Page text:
Last time, we talked about the efficiency impact of defrosting a freezer. Defrosting gave us around a 5% reduction in energy usage. This time, we will be seeing what reducing the freezer temperature can do for us.
The temperature adjustment for my freezer is on the front end of the left side of the freezer. You can see it in the first picture. As the freezer sat, the dial was set to 4 out of 7. At the end of our last article, this setting was using 1.15 kWh per day.
At setting number 4, the freezer stayed right around -15°F (-26°C) at the very bottom. People that are off the grid tend to keep their freezers around 0°F (-18C) to save energy yet not compromise the length of time food will keep in the freezer.
So, as you can probably imagine, I simply turned the freezer all the way down to the 1 setting. I was a bit afraid about the temperature increasing too much, but it really didn’t rise all that much. I took temperature readings after a few days and the freezer at the bottom was now around -12°F (-24°C) and roughly 0°F (-18°C) at the top. I was kind of surprised that it didn’t increase the temperature more than that. However, I was even more surprised when I saw that the freezer was now only using 1.06 kWh per day. That is a solid 8% decrease from the 1.15 kWh per day it had been using at the end of our last article. So, to date we have decreased the power consumption of the freezer by 12.5% from the original 1.21 kWh per day.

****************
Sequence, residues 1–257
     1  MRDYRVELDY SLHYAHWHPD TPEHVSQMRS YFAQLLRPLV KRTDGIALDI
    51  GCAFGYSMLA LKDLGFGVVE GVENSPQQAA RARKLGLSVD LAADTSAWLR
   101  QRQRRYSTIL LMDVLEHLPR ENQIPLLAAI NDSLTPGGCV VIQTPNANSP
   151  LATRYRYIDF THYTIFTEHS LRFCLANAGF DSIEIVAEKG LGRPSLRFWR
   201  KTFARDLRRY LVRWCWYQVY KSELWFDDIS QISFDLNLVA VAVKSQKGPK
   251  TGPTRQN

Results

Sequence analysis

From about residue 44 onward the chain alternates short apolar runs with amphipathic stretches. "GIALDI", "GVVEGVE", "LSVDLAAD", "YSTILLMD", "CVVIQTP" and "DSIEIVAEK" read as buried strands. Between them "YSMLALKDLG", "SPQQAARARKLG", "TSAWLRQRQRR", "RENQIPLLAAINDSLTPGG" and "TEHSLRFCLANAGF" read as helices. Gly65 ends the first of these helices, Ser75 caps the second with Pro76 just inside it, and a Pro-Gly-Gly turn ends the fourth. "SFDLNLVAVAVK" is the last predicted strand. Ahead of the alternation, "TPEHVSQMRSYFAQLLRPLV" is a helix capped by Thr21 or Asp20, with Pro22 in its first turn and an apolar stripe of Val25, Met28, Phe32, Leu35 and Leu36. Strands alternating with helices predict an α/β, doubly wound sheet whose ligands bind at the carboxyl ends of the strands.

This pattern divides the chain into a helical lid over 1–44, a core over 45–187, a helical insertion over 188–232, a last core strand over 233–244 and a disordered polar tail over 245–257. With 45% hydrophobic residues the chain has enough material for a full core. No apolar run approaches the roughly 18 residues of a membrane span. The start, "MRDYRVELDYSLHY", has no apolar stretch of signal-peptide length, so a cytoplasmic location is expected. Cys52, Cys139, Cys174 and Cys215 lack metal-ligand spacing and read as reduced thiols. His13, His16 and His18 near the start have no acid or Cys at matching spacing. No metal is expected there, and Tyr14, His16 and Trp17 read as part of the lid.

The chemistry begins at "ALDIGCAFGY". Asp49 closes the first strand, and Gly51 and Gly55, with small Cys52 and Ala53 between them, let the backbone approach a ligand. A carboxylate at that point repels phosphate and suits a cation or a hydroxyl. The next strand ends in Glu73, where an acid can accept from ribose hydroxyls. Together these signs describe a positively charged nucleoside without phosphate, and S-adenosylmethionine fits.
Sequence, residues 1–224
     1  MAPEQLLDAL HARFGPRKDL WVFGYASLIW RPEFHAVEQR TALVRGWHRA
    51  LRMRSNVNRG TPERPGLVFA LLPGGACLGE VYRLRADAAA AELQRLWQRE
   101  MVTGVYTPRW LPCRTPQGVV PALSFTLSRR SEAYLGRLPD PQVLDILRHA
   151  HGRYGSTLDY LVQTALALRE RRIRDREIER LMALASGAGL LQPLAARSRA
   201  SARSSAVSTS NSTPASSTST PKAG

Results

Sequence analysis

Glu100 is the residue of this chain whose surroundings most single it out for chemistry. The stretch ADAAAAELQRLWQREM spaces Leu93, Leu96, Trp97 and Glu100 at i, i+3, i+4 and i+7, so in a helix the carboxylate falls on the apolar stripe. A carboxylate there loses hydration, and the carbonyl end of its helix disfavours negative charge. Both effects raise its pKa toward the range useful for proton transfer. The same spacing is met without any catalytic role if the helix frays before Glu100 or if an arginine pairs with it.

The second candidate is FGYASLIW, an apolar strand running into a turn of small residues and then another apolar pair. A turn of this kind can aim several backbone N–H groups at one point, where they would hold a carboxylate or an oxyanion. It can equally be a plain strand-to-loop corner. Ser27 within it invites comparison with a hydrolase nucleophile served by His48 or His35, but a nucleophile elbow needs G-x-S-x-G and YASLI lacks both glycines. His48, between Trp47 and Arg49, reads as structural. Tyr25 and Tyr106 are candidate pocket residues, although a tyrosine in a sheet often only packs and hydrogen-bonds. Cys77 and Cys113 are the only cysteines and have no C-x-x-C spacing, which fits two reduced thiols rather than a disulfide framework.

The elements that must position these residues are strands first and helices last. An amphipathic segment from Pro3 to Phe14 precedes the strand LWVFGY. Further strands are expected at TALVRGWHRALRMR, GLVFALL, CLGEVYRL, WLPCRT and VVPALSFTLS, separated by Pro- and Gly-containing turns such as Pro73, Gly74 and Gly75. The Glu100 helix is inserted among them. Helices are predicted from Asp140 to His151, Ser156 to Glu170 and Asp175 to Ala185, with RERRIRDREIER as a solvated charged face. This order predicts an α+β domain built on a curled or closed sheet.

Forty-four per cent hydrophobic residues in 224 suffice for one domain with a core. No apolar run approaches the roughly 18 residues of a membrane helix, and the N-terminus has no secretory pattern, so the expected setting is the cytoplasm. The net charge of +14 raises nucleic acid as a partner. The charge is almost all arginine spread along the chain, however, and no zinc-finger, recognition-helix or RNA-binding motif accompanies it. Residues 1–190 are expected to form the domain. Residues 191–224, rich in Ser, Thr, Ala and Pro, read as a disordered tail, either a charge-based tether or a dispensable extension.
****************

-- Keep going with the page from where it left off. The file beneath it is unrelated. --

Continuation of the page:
For as simple as this is to do, everyone should really take the 5 minutes to go to their freezer and just turn the dial down. Double checking the actual temperature a few days later is a good idea. If you get too far above 0°F (-18°C), you start to see a drop off in how long the food will stay good. Organizing commonly used food to the top and longer term storage food items to the bottom is a great idea if you want to start increasing temperatures further. However, it would be my guess that most freezers out there are probably running much colder than they need to be.